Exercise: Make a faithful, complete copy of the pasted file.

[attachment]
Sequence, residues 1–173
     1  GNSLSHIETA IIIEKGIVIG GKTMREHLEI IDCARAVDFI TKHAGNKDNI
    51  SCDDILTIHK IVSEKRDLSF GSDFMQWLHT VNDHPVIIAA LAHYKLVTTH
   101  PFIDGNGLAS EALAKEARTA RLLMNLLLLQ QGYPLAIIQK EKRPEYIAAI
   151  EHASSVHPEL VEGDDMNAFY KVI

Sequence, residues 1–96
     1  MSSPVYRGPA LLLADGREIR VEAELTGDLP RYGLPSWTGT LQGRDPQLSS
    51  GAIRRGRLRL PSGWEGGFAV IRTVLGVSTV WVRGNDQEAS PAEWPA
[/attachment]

Sequence, residues 1–173
     1  GNSLSHIETA IIIEKGIVIG GKTMREHLEI IDCARAVDFI TKHAGNKDNI
    51  SCDDILTIHK IVSEKRDLSF GSDFMQWLHT VNDHPVIIAA LAHYKLVTTH
   101  PFIDGNGLAS EALAKEARTA RLLMNLLLLQ QGYPLAIIQK EKRPEYIAAI
   151  EHASSVHPEL VEGDDMNAFY KVI

Sequence, residues 1–96
     1  MSSPVYRGPA LLLADGREIR VEAELTGDLP RYGLPSWTGT LQGRDPQLSS
    51  GAIRRGRLRL PSGWEGGFAV IRTVLGVSTV WVRGNDQEAS PAEWPA